RFC Coding Guidelines: Formatting Class Member Declarations | Haiku Project

In Haiku we use two blank lines between functions and #pragma mark to separate function groups (possibly in a comment because compilers don’t implement this pragma anymore, sadly).

In GCC they use an ASCII page break character between function groups, so if you print out the code, it will start each group on a new page.

I’m not usre what your point is here. There are different coding styles in different projects? Yes, we already knew that.

And yes, the coding style is strict. That’s the point of having a coding style. Having all the code formatted the same way makes it easier to read if you are used to this style. Any deviation from it requires extra effort to understand the code. Of course, if you are used to another style, you think the opposite is true. There is no perfect solution here.

There isn’t, but there are compromises possible. In the case of clang-format, if you find the automated formatting not satisfying, you can use some markers in the sourcecode (clang-format-disable) to disable it and have it ignore these sections of the code. If you do this a lot, it will surely raise some eyebrows from the reviewers. But if you do it sparsely, I think it is acceptable. We can also periodically look into these and see if we need to tweak some clang-format settings.

Well that’s unfortunate. In that case, the automated formatting degrades readability. I’m not sure I’m willing to compromise readability so much to automated formatting…

It is my objection to Waddlesplash’s opinion:

There are no “flexibility for human” in current Haiku style. It is strict in the same way as clang-format style. Differences are only in personal sense of taste, it is not objectively better in any way comparing to clang-format. Both styles do not allow case-by-case formatting to improve readability.

Examples of potential case-by case formatting to improve readability:

	if ((attributes & B_USER_PROTECTION) != 0) {
		pte->flags |= (1 << pteUser);
		if ((attributes & B_READ_AREA)    != 0) pte->flags |= (1 << pteRead);
		if ((attributes & B_WRITE_AREA)   != 0) pte->flags |= (1 << pteWrite);
		if ((attributes & B_EXECUTE_AREA) != 0) pte->flags |= (1 << pteExec);
	} else {
		if ((attributes & B_KERNEL_READ_AREA)    != 0) pte->flags |= (1 << pteRead);
		if ((attributes & B_KERNEL_WRITE_AREA)   != 0) pte->flags |= (1 << pteWrite);
		if ((attributes & B_KERNEL_EXECUTE_AREA) != 0) pte->flags |= (1 << pteExec);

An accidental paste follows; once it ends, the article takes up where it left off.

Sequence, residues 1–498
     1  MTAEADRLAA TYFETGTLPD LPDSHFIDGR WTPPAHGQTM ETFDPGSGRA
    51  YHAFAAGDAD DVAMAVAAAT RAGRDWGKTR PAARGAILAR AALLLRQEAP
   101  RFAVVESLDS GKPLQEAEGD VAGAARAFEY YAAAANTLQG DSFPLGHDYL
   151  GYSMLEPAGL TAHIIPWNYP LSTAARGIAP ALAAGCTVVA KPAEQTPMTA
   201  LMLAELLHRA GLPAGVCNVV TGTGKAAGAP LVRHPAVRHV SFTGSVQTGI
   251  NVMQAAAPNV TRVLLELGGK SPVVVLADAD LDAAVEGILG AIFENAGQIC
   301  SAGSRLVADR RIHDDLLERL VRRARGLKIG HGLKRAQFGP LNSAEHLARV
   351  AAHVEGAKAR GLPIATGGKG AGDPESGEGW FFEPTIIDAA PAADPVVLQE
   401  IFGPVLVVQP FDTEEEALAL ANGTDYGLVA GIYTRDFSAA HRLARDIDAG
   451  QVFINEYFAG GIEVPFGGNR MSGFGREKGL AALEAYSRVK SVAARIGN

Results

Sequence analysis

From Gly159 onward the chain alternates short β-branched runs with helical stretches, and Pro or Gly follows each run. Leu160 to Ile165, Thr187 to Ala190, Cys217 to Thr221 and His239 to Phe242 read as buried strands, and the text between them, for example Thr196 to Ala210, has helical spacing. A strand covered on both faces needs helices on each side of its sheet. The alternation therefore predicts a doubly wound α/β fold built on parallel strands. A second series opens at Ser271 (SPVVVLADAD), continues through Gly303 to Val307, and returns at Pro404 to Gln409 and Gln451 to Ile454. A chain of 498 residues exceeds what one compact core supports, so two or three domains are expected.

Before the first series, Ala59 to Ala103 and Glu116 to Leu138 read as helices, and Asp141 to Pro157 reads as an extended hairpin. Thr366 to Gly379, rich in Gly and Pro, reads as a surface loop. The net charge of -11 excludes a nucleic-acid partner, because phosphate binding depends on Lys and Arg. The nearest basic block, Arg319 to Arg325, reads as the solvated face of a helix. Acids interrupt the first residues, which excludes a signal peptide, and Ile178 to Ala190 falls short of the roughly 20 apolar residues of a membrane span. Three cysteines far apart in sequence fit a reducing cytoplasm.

void KeyboardHandler::KeyString(uint32 code, char *str, size_t len)
	uint32 i;
	char *ch;
	switch (modifiers & (B_SHIFT_KEY | B_CONTROL_KEY | B_OPTION_KEY | B_CAPS_LOCK)) {
		case B_OPTION_KEY | B_CAPS_LOCK | B_SHIFT_KEY: ch = chars.Get() + keyMap->option_caps_shift_map[code]; break;
		case B_OPTION_KEY | B_CAPS_LOCK:               ch = chars.Get() + keyMap->option_caps_map[code];       break;
		case B_OPTION_KEY | B_SHIFT_KEY:               ch = chars.Get() + keyMap->option_shift_map[code];      break;
		case B_OPTION_KEY:                             ch = chars.Get() + keyMap->option_map[code];            break;
		case B_CAPS_LOCK  | B_SHIFT_KEY:               ch = chars.Get() + keyMap->caps_shift_map[code];        break;
		case B_CAPS_LOCK:                              ch = chars.Get() + keyMap->caps_map[code];              break;
		case B_SHIFT_KEY:                              ch = chars.Get() + keyMap->shift_map[code];             break;
			if (modifiers & B_CONTROL_KEY)               ch = chars.Get() + keyMap->control_map[code];
			else                                         ch = chars.Get() + keyMap->normal_map[code];
	if (len > 0) {
		for (i = 0; (i < (uint32)ch[0]) && (i < len-1); ++i)
			str[i] = ch[i+1];
		str[i] = '\0';

In the Haiku style bot of these would require newlines after the case or the clising parenthese of the if. The code after the linebreak will then be properly aligned, and it won’t be so wide that it can’t fit on screen (especially if using multiple columns, for example in a side-by-side diff or if you just like to have multiple files visible at once).